Dismal sales in January and February have some Wal-Mart executives concerned, but perhaps not as worried as analysts who see the retail giant as a harbinger of problems to come. If Wal-Mart is having troubles, some suggest, could a similar problem be running deep in the consumer economy as a whole?
Though Wal-Mart's worries have a lot to do with the rise in payroll taxes
and delayed tax returns for consumers shoppers which have Wal-Mart shoppers spending less this quarter, a problem for all retailers, the company's fiscal blues are also related to massive investments Wal-Mart made in 2012 to reduce prices.
To keep the company competitive, Wal-Mart announced it would invest $2 billion to reduce prices in 2012, a figure that ramped up to $6 billion in the United States, the Wall Street Journal
February marks the anniversary of the move which resulted in the best store traffic across the U.S. that Wal-Mart had ever seen. The company experienced four straight quarters of increased sales in the U.S.
However, the success hasn't lasted. By the end of 2012, the company faced flagging returns, and the past month and a half has been particularly difficult for Wal-Mart
, according to leaked emails.
Cameron Geiger, Wal-Mart's senior vice president of U.S. replenishment, called consumers' lack of funds, thanks to the payroll tax hike and the late tax returns, "a potent one-two punch,” according to emails Bloomberg News acquired.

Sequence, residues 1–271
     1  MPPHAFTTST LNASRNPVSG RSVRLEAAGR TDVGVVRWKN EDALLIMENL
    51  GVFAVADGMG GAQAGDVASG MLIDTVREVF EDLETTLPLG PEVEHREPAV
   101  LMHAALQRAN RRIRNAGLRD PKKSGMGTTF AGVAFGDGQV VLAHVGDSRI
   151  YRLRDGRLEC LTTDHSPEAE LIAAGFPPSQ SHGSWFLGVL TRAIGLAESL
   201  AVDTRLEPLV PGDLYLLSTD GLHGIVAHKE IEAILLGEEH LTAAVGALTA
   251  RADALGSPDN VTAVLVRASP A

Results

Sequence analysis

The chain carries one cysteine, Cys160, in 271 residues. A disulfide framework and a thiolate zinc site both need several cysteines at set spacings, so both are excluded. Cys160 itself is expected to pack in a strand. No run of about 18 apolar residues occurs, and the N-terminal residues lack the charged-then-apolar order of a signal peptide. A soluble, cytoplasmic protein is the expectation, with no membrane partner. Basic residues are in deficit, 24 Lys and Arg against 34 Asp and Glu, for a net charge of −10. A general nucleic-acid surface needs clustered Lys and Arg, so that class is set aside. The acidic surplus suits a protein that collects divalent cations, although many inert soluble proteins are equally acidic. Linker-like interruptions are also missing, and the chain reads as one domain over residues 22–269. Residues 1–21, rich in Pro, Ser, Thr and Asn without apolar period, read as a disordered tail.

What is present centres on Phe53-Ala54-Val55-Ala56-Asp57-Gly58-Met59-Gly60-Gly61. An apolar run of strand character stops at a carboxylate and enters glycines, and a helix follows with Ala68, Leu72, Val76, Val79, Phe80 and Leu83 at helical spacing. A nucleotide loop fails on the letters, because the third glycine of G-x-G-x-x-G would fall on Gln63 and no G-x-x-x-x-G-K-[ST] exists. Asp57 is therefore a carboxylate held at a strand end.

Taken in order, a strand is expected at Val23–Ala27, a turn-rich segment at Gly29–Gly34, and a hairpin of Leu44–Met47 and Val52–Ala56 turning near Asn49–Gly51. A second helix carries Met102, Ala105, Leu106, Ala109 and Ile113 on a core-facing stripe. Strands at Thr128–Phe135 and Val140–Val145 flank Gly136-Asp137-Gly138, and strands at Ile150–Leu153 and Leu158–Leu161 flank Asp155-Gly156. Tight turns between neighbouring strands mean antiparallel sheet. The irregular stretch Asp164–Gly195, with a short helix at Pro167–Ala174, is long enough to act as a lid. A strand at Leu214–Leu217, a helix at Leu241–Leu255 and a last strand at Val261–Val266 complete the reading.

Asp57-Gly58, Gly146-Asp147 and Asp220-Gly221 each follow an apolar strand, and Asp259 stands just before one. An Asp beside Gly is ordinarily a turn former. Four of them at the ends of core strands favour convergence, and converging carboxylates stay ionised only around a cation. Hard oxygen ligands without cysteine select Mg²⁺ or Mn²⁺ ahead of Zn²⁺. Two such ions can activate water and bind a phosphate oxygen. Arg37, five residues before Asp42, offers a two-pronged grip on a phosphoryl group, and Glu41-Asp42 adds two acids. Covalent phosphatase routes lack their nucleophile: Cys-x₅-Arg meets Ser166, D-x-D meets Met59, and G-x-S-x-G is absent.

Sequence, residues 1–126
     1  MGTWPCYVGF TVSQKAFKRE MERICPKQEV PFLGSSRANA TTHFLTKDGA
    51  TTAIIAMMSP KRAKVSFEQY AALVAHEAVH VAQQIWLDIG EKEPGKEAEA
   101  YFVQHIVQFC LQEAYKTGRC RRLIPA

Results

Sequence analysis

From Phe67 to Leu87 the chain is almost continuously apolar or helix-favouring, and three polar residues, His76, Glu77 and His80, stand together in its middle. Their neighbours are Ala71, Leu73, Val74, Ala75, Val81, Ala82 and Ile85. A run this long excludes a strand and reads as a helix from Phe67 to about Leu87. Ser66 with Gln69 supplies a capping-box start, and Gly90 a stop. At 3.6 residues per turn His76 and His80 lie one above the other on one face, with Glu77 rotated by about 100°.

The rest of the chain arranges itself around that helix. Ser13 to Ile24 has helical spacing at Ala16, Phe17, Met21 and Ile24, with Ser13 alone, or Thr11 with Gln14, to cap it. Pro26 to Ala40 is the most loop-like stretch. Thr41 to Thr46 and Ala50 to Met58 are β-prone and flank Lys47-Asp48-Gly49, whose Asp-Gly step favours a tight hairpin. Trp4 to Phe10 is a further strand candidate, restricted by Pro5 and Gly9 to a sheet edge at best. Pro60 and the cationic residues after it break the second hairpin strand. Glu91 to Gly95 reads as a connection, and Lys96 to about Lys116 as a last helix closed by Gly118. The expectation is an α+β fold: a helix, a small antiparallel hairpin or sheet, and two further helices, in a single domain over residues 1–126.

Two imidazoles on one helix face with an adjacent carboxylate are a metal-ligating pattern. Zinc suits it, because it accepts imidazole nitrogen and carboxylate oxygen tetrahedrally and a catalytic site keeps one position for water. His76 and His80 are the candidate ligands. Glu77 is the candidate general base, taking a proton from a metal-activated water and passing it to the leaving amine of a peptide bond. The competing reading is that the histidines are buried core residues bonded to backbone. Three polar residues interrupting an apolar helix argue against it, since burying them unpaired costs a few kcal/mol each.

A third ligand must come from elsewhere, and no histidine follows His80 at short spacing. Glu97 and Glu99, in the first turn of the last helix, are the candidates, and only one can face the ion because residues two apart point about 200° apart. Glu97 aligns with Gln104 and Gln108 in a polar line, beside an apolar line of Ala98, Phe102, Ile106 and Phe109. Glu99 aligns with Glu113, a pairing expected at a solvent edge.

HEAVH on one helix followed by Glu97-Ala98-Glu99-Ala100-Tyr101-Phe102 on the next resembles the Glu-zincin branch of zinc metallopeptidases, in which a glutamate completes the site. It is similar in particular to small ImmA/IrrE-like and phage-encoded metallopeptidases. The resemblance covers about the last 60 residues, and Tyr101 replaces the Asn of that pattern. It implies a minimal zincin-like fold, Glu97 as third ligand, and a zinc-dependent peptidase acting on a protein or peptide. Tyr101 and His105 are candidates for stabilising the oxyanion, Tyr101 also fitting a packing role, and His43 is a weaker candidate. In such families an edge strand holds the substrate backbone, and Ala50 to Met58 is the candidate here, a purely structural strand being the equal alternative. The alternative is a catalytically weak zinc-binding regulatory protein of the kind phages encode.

“Have you ever had one of those weeks where your best- prepared plans weren’t good enough to accomplish everything you set out to do?" Geiger wrote in one email. "Well, we just had one of those weeks here at Walmart U.S. Where are all the customers? And where’s their money?”
Wal-Mart U.S. CEO Bill Simon commented on the competitive nature of the industry in another email.
“In an environment like this, we can’t afford to hurt ourselves," Simon said. “Self- inflicted wounds are our biggest risk and our toughest enemy."
Jerry Murray, Wal-Mart’s vice president of finance and logistics, said in a Feb. 12 email that the report has been the company's worst in seven years.
“In case you haven’t seen a sales report these days, February MTD sales are a total disaster. The worst start to a month I have seen in my +7 years with the company,” Murray wrote.
The company later released a statement saying the internal emails were not entirely accurate and lacked proper context.
However, Wal-Mart customers are an important barometer of the economy, and the emails are sparking concern among investors about the fragile recovery.
As Forbes' Helaine Olen noted, the leaked missives need to be taken seriously because "Wal-Mart has been one of the best canaries in the coalmine for our downwardly mobile society for years," with executives there among the first to note recessionary trends.
Janney Montgomery Scott analyst David Strasser told Bloomberg the bad news is not Wal-Mart specific. “Anyone with any low-end exposure is going to feel this. That customer runs out of money every day as it is. Now they’re really going to run out of money.”
Family Dollar, Target, and grocery stores are experiencing a similar problem, said Strasser.
Wal-Mart will announce quarterly earnings on Thursday.
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